• Drive to Santa Fe along the Turquoise Trail Scenic Byway (Highway 14), a scenic route that takes you through former turquoise, gold and coal mining towns: Cerrillos, Golden and Madrid, respectively.
  • Take a day trip to Los Alamos, where you can visit the Bradbury Science Museum and learn more about the site’s role in the birth of the nuclear age.
  • Make an appointment (it is the only way) to see famed artist Georgia O’Keeffe’s adobe hacienda in Abiquiu.

Things to do for Authentics

  • Tour the Santa Fe galleries, and buy art for your home. Include Native American art among your new acquisitions.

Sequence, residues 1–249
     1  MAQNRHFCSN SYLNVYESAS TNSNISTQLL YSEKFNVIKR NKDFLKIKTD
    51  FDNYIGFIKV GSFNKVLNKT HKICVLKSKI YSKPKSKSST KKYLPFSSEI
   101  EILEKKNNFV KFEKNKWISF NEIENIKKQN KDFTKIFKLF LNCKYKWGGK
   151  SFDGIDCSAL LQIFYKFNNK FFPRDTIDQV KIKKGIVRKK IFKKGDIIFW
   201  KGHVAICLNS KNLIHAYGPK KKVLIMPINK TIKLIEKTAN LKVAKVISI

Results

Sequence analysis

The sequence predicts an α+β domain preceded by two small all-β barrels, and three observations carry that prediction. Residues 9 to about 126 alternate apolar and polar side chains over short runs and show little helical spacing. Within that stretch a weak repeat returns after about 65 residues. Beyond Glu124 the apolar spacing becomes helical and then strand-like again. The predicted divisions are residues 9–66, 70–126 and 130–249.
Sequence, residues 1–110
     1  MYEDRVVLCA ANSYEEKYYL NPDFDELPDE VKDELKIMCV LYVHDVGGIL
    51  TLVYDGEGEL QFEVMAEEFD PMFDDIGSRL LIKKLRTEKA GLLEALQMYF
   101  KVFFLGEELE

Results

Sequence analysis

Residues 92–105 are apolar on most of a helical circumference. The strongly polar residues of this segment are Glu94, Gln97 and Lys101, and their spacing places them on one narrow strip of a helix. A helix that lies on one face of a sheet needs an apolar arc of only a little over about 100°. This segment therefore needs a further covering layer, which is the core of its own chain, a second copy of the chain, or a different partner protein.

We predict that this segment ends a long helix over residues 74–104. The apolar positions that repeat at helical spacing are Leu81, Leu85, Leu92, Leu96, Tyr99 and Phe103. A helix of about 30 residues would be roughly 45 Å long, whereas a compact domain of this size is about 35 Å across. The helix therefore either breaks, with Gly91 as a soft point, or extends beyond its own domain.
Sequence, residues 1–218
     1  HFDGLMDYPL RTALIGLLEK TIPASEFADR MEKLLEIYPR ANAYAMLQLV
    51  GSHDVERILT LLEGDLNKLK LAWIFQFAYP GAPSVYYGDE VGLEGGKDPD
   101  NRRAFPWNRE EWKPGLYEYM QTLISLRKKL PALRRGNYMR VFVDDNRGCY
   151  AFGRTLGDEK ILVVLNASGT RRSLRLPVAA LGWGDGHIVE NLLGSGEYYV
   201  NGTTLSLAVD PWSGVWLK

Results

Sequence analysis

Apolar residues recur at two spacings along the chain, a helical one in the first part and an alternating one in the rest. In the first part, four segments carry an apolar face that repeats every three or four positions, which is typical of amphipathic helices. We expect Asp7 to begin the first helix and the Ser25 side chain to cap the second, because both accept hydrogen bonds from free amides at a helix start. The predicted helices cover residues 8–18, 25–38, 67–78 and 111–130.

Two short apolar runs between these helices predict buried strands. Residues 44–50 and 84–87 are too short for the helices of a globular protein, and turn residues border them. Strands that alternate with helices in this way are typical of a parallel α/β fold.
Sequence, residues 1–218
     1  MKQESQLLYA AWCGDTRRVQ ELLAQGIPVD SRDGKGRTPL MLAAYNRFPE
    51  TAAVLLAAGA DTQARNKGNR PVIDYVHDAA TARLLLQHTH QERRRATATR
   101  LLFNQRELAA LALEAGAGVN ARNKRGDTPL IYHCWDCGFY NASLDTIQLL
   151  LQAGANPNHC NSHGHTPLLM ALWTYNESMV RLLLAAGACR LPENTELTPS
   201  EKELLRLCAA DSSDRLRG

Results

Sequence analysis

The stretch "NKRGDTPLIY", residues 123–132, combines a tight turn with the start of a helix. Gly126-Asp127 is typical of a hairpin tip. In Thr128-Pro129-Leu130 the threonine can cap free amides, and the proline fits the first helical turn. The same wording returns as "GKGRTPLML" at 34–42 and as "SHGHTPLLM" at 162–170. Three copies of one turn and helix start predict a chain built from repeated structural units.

• Rejuvenate yourself at one of the spas in or near the city. Or, for a site of particular historical interest, choose the Ojo Caliente Mineral Springs Resort and Spa which is about an hour’s drive out of town. This was the first natural health spa in the U.S.
  • Attend a performance at the renowned Santa Fe Opera. Also, visit one or more of the city’s world-renowned museums, such as the Museum of International Folk Art or the Georgia O’Keeffe Museum.
  • Come to town for the Spanish Market in July. It supports Hispanic artists native to New Mexico and southern Colorado. A similar, but smaller Spanish Market is staged each December, as well.
  • Tour the historic town center, including the Palace of Governors, which dates from 1609. You also may walk along a small stretch of the Old Santa Fe Trail while in the middle of the historic center.
  • Take a yoga class while in town. See a psychic, as well.

Additional Resources

For more information, consult Tourism Santa Fe at